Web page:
President Trump’s new executive order encourages police to adopt the “most professional” use of force standards — while urging “the opposite” of defunding cops.
Trump teased his policy response to the Minnesota police killing of George Floyd during a Thursday visit to Texas, saying he wanted people to “work together” on solutions to racial inequality.
While President Trump ridiculed the mounting Democrat idiocy of defunding or abolishing police departments, he stated:
“We’re not defunding police. If anything we’re going the other route, we’re going to make sure that our police are well-trained, perfectly trained and have the best equipment… We’re going to have stronger police forces because that’s what you need,”
“I heard they want to close up all police forces,” Trump said. “What happens late at night when you make that call to 911 and there’s nobody there? What do you do, whether you’re white, black, or anybody else, what do you do?”
He turned to a church pastor and joked, “We want to think the best, but you have some very violent people.”
Trump said his administration is preparing a four-step response to mass protests after Floyd’s death, in addition to the executive order to “encourage police departments nationwide to meet the most current professional standards for the use of force, including tactics for de-escalation.”
He added: “That means force, but force with compassion. But if you’re going to have to really do a job, if somebody is really bad, you’re going to have to do it with real strength, with real power.”
The administration is launching a broad initiative in response to national unrest, he said. The push includes an effort to expand loans to minority-owned small businesses, a boost in the quality of minority-serving medical centers, a pilot program where social workers accompany police, and a legislative push for vouchers allowing students to leave low-quality public schools.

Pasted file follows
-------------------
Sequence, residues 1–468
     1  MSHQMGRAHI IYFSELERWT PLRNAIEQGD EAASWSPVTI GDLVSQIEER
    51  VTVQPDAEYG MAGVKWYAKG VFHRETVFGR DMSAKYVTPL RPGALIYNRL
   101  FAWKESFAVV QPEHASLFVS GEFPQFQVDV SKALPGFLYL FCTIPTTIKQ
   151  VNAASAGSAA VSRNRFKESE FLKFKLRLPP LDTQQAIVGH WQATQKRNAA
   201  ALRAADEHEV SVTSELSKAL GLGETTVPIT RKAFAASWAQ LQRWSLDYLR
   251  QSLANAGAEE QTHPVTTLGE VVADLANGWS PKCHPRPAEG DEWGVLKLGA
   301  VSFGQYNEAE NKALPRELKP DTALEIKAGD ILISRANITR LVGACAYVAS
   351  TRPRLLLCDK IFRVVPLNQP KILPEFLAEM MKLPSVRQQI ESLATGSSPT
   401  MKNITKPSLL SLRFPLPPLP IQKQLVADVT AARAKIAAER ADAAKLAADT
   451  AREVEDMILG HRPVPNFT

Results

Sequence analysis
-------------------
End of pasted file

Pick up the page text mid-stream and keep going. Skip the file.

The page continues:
Trump regaled his audience on how his encouragement of tough policing tactics and use of the National Guard restored order in some places.
When the National Guard entered Minneapolis at his urging, “it was like a knife cutting butter,” the president recounted. “Yes there was some tear gas and probably some other things… it was a short evening.”
Before national guardsmen arrived, activists burned down a police precinct. “They were running down the street,” Trump said of the officers. “I’m pretty good at construction. I want to tell you, that was almost what we call a complete renovation, if you’re lucky. And it was a very sad thing.”
“I said we have to dominate the streets, you can’t let that happen, what happened in New York City — the damage they’ve done, you have to dominate,” Trump said.
“And I was criticized for that statement. I made the statement ‘we have to dominate the streets’ and they said, ‘Oh, that’s such a terrible thing.’ Well, guess what, you know who dominated the streets? People that you don’t want to dominate the streets, look at the damage they did. So I’ll stick with that.”
Trump denounced Seattle officials for continuing to tolerate a six-block “free zone” declared by protesters, saying, “that couldn’t happen here, I don’t think, in the state of Texas.”
Activists in Seattle are demanding Democratic Mayor Jenny Durkan resign from office for opposing the abolition of the city’s police. Trump clashed Thursday with local officials, calling on them to clear of the protest encampment, which includes an abandoned police station. “Seattle would be so easy to solve,” Trump said.
Protesters across the country “destroyed businesses, they’ve destroyed African-American owned small businesses that hopefully they’re going to come back,” he said.
Trump said policy responses to the unrest should feature common ground. In Congress, House Democrats this week proposed a large package of policing reforms. Senate Republicans also are working on a proposal. Attorney General William Barr has opposed a Democratic effort to increase civil liability for police officers, saying it would result in cops “pulling back.”
In Texas, Trump said it was important to have political consensus on reforms.
“We have to work together to confront bigotry and prejudice wherever they appear,” Trump said. ” We’ll make no progress and heal no wounds by falsely labeling tens of millions of decent Americans as racists or bigots. We have to get everybody together.”